Box Hill Institute is spearheading the development of the Cyber Security National Program, as it prepares to roll out its new advanced diploma in cyber security.
The program has received state government investment of $4.7 million from the $50 million TAFE Back to Work fund to support Box Hill to develop its cyber security qualifications.
Box Hill Institute worked with industry to develop the advanced diploma, which is not only focused on preparing students for cyber security work in the defence industry, but also telecommunications and banking.
Led by Victorian TAFEs in partnership with TAFEs from every state and the ACT, the program will deliver common qualifications across the country based on courses developed at Box Hill
Commencing in term one 2018, the Cyber Security National Program will partner with industry nation-wide to provide on-the-job experience for students and address the national skills shortage in cyber security.
The state TAFEs are looking to lobby the federal government to fund a national cyber security internship program and participating TAFEs will form local industry reference groups to ensure delivery is meeting industry needs.
Minister for Innovation and the Digital Economy Philip Dalidakis said the state is looking to lead the nation in the fight against cyber crime.
"Victoria is leading Australia when it comes to cyber security," the minister said.
"We’re attracting more investment so Victorians are protected from cyber crime and winning a larger share of the booming global cyber security sector."
Victoria is already home to the CSIRO's Data61 Cyber Security and Innovation Hub, which opened in Docklands in 2016 and is on track to create 140 specialist jobs, including positions for PhD students.
Minister for Training and Skills Gayle Tierney said the need for cyber security graduates is increasing immensely, with cyber crime costing the nation’s economy about $17 billion a year.
"It’s vital we have job ready graduates to fight the increasing threat of cyber crime," she said.
Victoria is not alone in its push for increased education in cyber security; Defence SA recently hosted a Cyber Ready Forum to prepare the next generation of cyber security professionals for the defence industry.
The forum, hosted at Adelaide's TAFE SA, included an introduction to TAFE SA’s new cyber courses and an education and skills panel, discussing how people can develop cyber security skills and benefit from the huge employment opportunities in the lucrative US$126 billion cyber security market.
The forum was part of the state government’s Cyber Ready series aimed at building cyber awareness and security among South Australian companies, including those bidding for work in the defence industry.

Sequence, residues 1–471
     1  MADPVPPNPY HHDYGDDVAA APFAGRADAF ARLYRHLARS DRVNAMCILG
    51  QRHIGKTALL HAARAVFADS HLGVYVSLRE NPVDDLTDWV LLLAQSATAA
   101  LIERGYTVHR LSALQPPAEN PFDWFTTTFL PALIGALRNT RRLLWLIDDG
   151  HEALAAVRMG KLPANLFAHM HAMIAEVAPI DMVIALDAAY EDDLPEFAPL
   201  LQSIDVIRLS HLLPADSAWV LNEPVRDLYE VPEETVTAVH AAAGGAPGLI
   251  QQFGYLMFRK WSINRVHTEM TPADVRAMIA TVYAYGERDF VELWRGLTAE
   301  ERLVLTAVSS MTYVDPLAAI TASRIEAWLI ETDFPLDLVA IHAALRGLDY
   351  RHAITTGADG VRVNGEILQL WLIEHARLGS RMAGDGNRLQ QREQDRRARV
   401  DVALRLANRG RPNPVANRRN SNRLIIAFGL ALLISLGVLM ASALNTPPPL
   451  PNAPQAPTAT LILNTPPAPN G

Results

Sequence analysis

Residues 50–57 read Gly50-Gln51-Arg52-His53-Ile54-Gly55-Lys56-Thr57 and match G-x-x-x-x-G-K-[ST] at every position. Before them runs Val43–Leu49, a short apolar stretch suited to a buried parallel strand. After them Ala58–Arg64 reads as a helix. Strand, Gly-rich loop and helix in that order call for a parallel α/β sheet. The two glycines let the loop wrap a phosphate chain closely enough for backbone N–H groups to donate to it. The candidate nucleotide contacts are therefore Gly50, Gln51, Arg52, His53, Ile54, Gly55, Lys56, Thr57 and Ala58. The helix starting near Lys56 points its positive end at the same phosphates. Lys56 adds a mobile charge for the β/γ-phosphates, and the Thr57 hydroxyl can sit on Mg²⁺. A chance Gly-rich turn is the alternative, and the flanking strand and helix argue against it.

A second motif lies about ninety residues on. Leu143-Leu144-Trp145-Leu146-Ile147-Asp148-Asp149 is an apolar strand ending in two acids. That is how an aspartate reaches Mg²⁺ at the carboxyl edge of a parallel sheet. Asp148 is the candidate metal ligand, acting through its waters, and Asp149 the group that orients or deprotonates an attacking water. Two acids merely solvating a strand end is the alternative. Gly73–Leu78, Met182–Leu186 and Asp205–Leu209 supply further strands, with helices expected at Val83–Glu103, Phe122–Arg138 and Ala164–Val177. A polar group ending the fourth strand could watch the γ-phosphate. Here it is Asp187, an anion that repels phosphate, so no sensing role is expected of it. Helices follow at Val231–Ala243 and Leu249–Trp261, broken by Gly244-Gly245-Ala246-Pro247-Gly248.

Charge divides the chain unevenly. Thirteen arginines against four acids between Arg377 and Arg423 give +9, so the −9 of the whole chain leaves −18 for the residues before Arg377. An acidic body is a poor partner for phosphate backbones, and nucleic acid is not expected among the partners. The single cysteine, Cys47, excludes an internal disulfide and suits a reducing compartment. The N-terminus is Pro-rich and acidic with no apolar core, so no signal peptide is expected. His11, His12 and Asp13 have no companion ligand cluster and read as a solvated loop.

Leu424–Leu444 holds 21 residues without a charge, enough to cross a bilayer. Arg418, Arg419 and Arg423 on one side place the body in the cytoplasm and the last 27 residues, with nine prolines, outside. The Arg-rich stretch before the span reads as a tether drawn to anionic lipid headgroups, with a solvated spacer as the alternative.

Defence and Space Industries Minister Martin Hamilton-Smith said the forum strengthens SA’s reputation as a hub of cyber security and builds the state’s cyber capabilities, which are vital to the defence sector.
"South Australia is home to some of the world’s most complex projects, including the upcoming naval shipbuilding program, so it is important our companies are armed with cyber-ready capabilities," Minister Hamilton-Smith said.
"The state has been working to reinvent itself through defence and shipbuilding contracts. But what’s also emerged is a fierce start-up culture and a very strong cyber security sector. For example, we are now home to major cyber security firms including NEC and Veroguard."
A recent cyber hack, which saw sensitive information about the F-35 Joint Strike Fighter, Australian naval vessels and defence aircraft stolen from a small business in South Australia, is a timely reminder of the risks cyber vulnerability poses to the defence industry, Minister Hamilton-Smith said.
"Just recently we saw how cyber vulnerability is a very real and serious threat in the defence industry, with hackers stealing sensitive information on several major projects, including the Joint Strike Fighter," Minister Hamilton-Smith said.
"We are working to establish South Australia as a hub for cyber security, which will not only protect our sensitive information and defence projects from cyber-attacks, but generate huge employment opportunities for our local workforce."
The cyber thief was able to gain access to the network of the 50-person aerospace engineering firm, that had been subcontracted by the Department of Defence, and stole restricted technical information on the P-8 Poseidon, C-130 and the Joint Direct Attack Munition (JDAM) guidance kit.